After he freshens up, ready to start a new day, Robert decides that he better not push things by working, so he calls Jay and asks if he can get by without him. Jay has no objections, so Robert prepares for his new life. Unfortunately, he discovers that all his vitamin bottles are empty. He heads out to replenish his supplements and go on a new life shopping spree, telling the clerks at every store that he's coming off a breakup. This leads the health food clerk (Dennis Kort) to recommend certain vitamins and supplements. He repeats the routine at a sporting goods store in one of the film's funniest scenes where the salesman is played by Bob Einstein, Brooks' real-life brother who is best known as Super Dave Osborne and these days as Marty Funkhouser on Curb Your Enthusiasm. Robert gravitates toward a display that contains all you would need to begin a running regimen, but the salesman steers him away, insisting that those shoes "are made of old tires. Is that how you want to start your new life?" He brings out more expensive Nike shoes. Then he adds an expensive jogging suit, saying the cheaper one will leave a rash, and says he'll need two. Robert questions the need for two. "What if one is in the wash?" Robert smiles. "I won't run?" The salesman starts to hang the suits back up. "I'm sorry. I misjudged you." Robert caves and the equipment piles up to include salt tablets, headbands, wristbands and a wrist wallet, though Robert doesn't understand why he can't just keep his wallet in the pocket of his jogging suit, but the salesperson just glares. It's hysterically funny.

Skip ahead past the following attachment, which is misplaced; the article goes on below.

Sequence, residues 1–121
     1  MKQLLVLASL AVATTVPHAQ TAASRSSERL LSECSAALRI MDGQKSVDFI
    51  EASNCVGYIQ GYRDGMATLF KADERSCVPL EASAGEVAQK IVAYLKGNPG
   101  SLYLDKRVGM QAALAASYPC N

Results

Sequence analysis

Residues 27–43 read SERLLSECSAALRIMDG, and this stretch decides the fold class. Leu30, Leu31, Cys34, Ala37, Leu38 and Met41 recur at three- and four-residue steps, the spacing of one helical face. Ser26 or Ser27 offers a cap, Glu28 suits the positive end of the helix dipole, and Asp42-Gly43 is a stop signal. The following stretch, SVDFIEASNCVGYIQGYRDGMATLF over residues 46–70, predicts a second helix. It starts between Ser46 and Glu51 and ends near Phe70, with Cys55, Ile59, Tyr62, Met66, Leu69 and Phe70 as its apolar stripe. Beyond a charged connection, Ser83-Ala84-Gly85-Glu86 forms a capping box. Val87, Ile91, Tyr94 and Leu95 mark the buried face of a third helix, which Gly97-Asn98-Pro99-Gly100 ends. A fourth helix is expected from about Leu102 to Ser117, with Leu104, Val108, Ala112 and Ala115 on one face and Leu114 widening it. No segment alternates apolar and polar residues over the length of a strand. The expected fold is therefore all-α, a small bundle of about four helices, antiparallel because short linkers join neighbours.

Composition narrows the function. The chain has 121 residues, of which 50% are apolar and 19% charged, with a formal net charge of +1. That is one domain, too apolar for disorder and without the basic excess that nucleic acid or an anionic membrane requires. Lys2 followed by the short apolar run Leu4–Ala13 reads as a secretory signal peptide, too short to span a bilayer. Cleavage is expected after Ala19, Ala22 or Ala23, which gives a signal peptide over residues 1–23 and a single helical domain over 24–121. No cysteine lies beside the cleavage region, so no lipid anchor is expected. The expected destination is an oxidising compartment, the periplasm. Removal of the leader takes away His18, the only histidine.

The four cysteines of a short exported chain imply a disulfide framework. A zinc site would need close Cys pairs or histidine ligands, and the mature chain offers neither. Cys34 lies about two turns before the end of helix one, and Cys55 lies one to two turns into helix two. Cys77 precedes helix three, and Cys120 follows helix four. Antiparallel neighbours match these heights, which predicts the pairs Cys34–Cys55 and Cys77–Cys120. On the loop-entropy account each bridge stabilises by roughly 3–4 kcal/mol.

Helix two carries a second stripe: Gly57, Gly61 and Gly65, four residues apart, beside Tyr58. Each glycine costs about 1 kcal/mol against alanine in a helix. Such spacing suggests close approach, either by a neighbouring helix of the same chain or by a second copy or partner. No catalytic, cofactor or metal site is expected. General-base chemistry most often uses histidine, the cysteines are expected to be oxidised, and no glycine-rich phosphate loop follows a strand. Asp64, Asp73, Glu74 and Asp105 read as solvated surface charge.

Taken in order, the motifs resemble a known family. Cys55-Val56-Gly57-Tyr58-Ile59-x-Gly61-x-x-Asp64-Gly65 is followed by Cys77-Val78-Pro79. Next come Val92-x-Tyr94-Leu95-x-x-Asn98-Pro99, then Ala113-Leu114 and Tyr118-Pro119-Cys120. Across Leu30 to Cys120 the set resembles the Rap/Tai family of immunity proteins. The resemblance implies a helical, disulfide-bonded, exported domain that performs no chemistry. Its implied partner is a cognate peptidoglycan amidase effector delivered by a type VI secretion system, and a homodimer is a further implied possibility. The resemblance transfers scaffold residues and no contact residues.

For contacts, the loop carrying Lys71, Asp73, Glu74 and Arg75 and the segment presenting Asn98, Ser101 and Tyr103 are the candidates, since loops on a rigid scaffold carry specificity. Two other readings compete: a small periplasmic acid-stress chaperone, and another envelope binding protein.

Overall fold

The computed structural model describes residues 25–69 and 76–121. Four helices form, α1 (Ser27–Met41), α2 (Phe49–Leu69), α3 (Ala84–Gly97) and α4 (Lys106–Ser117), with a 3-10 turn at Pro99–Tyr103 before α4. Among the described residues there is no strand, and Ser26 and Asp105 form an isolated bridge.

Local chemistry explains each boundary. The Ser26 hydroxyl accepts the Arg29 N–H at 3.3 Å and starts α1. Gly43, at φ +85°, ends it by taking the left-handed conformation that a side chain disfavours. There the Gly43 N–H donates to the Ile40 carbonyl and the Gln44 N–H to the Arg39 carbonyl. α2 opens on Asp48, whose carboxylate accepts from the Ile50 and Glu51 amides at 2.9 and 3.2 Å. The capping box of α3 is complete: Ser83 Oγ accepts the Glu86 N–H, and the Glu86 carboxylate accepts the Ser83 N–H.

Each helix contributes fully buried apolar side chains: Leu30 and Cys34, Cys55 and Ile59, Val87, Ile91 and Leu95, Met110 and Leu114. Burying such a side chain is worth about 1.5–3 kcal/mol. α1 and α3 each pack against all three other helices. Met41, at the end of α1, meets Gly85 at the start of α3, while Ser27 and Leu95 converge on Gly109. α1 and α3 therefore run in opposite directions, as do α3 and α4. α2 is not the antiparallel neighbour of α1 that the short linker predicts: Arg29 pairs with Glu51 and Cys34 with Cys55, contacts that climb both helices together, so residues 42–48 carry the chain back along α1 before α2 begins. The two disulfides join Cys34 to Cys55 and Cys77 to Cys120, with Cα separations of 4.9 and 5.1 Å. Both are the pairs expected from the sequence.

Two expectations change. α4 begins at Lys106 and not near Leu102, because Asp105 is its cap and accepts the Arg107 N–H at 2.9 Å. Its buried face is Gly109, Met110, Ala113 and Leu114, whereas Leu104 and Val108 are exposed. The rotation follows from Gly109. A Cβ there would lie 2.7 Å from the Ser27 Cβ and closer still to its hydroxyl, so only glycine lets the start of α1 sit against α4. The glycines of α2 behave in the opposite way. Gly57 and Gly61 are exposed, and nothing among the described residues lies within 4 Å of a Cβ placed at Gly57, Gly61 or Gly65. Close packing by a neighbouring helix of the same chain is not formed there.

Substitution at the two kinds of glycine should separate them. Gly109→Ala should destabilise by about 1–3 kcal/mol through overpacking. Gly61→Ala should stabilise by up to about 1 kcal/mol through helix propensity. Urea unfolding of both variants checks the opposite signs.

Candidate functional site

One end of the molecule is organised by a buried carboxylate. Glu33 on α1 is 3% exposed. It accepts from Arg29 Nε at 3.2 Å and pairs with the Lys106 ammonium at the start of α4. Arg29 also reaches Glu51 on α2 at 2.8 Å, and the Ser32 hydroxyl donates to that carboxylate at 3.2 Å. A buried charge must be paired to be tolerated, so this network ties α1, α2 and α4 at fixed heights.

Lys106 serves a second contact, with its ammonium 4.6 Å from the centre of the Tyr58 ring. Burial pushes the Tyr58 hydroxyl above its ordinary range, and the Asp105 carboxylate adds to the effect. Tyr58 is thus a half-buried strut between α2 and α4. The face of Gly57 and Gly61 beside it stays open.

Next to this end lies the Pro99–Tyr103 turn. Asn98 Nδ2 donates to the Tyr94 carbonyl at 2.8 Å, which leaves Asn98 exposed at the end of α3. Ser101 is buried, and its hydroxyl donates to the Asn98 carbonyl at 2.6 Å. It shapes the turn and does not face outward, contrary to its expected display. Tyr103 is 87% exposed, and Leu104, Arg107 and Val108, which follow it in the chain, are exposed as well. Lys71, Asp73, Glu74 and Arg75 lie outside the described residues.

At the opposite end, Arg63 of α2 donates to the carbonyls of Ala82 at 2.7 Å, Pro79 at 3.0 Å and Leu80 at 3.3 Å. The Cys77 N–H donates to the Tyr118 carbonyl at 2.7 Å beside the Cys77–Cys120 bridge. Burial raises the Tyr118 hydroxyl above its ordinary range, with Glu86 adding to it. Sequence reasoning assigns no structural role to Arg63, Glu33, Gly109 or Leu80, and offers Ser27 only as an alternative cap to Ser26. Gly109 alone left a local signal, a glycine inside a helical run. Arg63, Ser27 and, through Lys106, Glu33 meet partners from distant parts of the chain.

Fully equipped, Robert heads out immediately to begin his training, i.e. his new life without Mary. As we've observed, Robert Cole doesn't seem to stick by resolutions because his obsessive nature gets in the way and currently its laser-like focus stays on Mary, restraining him from new ventures. He goes to a field and keeps preparing for his sprint. He crouches in a starting position, but it's hard to remove things from his mind, as he counts off, "One, two, three. And I don't even miss her, two, three. One, two, three. And I don't even miss her, two, three." Finally, he starts jogging, then checks his new wrist wallet. The run continues until he veers off the track and to a nearby phone booth where he takes change from that wrist wallet and makes a call to Mary's bank and asks for her. The voice on the other end says she's not sure if she and Jim are back from lunch yet, but she'll check. The woman returns and says she's not back. Robert hangs up and, as you would expect, immediately starts obsessing about this Jim person, though he decides this is yet another sure sign that he did the right thing. He called last night and she didn't answer, now she's not at the bank and is out with another man. Yes, he was right to sever things for good. Albert Brooks over the years has proved he's always a master of phone call scenes, but in Modern Romance, phones pop up so often, they practically end up being a recurring theme. I can't help but wonder how this film would play today in the age of cell phones, if Robert weren't constantly stopping at phone booths.